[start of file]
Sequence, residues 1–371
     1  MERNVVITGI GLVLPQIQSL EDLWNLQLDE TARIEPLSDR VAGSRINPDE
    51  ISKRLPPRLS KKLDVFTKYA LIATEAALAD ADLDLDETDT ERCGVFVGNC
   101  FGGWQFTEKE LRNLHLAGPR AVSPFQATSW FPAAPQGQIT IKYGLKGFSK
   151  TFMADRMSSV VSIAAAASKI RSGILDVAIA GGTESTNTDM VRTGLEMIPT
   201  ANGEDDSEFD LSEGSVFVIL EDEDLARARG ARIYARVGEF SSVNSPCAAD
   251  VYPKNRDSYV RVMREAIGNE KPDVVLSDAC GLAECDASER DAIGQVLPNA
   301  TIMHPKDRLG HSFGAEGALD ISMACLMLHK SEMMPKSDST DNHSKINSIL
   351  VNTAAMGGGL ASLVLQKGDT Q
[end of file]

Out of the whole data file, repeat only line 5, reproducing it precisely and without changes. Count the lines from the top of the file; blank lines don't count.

   151  TFMADRMSSV VSIAAAASKI RSGILDVAIA GGTESTNTDM VRTGLEMIPT